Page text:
The Nature Foundation St Maarten once again scientifically monitored the state of the country’s coral reefs to determine coral reef changes over the years. Each year reef monitoring is conducted according to the GCRMN-Caribbean scientific monitoring methods in order to determine the health, composition and state of our coral reefs. The Foundation is worried about the current state of the reefs surrounding St Maarten, specifically with regards to large amounts of waste water which end up in our ocean and the new coral disease; Stony Coral Tissue Loss Disease. Both issues are threatening the existence and recovery of St Maarten’s coral reefs. Additional protection of coral reefs, coral restoration and proper waste water treatment is needed on St Maarten in order to ensure coral reef existence in the future.
“Currently we have seen major deterioration of our coral reefs; especially the new disease has killed many large coral colonies and turned healthy reefs into dead corals covered in algae. Furthermore the ongoing flow of waste water into our ocean makes corals prone and worsens the state of our reefs as algae blooms due to the increase of nutrients coming from waste water and sewage, overgrowing the habitat of fish; coral reefs. In the coming months the data will be analyzed and compared to previous years to determine the scope of the coral reef decline on Sint Maarten” explained Nature Foundations Research Officer Melanie Meijer zu Schlochtern.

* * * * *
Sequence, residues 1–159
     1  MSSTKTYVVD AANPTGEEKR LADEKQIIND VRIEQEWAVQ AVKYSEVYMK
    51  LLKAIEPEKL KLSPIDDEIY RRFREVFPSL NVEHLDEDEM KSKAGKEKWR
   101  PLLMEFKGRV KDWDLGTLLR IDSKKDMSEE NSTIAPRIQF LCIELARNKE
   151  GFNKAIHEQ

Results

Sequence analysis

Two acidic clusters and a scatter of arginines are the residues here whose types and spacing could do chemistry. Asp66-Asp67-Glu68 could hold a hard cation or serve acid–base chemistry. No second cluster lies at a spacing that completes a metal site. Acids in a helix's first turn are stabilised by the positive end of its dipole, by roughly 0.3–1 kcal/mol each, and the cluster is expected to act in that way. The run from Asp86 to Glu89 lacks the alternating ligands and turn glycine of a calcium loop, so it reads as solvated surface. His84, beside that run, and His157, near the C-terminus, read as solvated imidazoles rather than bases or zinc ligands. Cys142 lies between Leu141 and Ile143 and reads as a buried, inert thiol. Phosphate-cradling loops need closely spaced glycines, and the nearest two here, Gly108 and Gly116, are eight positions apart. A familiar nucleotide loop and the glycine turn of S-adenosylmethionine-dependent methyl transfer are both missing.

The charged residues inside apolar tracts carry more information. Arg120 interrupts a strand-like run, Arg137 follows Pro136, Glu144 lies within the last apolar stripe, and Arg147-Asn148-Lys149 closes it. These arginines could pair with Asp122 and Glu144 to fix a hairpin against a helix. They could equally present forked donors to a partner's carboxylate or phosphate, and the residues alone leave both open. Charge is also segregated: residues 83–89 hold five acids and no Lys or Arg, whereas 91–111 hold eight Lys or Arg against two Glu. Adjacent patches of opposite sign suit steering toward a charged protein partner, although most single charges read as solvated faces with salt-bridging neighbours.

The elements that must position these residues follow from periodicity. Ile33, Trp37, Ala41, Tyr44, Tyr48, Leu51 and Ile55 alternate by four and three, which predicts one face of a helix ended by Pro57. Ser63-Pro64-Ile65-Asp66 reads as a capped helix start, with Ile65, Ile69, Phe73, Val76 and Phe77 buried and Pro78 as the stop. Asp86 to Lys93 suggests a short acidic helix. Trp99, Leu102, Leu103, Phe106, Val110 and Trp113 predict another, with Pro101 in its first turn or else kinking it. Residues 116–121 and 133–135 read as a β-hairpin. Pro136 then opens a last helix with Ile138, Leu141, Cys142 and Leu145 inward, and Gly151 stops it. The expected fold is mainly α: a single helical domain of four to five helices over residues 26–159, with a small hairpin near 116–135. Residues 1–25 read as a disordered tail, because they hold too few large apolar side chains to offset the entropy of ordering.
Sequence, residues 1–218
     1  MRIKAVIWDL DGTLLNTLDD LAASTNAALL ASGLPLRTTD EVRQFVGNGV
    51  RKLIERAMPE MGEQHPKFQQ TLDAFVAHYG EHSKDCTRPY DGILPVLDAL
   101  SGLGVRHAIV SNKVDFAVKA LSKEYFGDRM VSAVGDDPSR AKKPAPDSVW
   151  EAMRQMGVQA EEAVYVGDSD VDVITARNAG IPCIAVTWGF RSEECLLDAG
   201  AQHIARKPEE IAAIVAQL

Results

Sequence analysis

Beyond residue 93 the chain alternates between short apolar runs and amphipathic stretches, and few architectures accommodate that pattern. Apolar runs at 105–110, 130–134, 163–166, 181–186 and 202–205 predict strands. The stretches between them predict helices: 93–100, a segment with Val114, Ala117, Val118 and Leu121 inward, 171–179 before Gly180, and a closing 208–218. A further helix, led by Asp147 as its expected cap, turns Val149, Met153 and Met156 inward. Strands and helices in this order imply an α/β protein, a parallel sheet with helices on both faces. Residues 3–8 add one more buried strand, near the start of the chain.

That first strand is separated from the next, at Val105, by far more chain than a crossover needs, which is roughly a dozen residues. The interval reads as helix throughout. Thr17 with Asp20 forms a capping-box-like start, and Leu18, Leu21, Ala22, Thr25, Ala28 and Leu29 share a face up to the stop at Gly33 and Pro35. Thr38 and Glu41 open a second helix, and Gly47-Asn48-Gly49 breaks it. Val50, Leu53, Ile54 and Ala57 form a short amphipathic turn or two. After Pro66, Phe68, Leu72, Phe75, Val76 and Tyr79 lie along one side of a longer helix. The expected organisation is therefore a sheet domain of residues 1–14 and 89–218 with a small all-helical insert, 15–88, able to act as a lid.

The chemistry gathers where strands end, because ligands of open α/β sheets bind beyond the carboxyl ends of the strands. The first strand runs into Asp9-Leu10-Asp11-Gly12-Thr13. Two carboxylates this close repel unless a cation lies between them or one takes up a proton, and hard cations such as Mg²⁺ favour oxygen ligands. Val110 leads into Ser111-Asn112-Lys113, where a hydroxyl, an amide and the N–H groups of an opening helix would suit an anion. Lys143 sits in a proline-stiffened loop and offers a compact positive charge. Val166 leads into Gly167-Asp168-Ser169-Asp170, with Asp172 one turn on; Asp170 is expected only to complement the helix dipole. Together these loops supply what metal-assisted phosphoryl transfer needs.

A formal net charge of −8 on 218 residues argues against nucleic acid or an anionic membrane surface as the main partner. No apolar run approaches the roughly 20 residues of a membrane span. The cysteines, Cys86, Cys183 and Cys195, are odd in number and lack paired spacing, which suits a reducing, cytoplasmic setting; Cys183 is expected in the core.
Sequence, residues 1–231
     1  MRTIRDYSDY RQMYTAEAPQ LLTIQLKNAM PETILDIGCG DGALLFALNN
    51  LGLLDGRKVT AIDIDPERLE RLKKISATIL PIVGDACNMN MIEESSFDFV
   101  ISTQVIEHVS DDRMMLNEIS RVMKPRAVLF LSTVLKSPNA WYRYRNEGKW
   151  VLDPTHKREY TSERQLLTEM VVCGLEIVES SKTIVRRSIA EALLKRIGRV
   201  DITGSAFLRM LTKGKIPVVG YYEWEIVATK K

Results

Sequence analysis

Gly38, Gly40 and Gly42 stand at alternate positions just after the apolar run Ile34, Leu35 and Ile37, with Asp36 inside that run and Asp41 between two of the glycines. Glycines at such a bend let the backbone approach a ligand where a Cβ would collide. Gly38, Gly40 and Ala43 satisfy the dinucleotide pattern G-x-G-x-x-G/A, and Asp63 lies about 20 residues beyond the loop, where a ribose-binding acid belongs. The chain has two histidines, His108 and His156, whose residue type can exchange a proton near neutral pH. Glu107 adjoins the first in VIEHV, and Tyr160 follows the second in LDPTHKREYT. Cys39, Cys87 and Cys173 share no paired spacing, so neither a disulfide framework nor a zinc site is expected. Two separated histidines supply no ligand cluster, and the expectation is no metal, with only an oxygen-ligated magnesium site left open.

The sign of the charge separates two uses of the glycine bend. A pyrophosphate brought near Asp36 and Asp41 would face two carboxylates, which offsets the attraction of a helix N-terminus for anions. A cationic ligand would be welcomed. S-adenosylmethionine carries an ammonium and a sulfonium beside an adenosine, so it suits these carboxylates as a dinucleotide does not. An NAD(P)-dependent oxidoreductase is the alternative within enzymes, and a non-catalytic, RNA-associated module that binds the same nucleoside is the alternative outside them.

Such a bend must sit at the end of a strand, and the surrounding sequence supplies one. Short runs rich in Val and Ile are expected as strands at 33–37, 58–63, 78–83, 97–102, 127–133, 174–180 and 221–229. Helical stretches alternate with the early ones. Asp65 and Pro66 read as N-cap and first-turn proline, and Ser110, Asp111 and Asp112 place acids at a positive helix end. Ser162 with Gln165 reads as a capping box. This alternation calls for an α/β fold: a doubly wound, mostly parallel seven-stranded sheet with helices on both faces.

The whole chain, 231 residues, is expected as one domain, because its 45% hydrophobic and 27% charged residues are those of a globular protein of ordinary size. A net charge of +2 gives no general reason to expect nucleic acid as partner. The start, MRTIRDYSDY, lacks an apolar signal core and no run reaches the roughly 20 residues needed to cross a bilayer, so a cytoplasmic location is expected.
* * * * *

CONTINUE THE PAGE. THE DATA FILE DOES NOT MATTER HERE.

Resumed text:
The Nature Foundation surveyed mainly sites in the Man of War Shoal Marine Protected Area and other important sites around the island. All measurements are conducted along a transect line and repeated five times on one dive site. First, abundance and biomass of all fish species is determined, secondly the cover of reef organisms (corals) are analyzed based on photo quadrats made during the dives and photo quadrats are assessed for coral health. Monitoring is also done looking for coral recruitments (juvenile corals) and algae coverage and height. Lastly, invertebrate species (sea urchins, sea cucumbers, lobster and conch) are counted and water quality is measured. These measurements will help us to better understand our reefs and to determine if our reefs are doing well.
“Coral reefs are critical to the economy of the island. Studies conducted by the Nature Foundation has shown that reefs contribute about USD$50 million to our economy annually so it is critical that we know their status and their ecological function after experiencing the strongest hurricanes on record and the most destructive coral disease; Stony Coral Tissue Loss Disease” added Nature Foundation’s Manager Tadzio Bervoets..
Picture 1: Nature Foundation diver performing fish species and abundance survey using the GCRMN method (photo credit Ray Simon-Lynch)
Picture 2: A green sea turtle is watching the reef monitoring skills of the Nature Foundation staff (photo credit Mary Grace Duethman)
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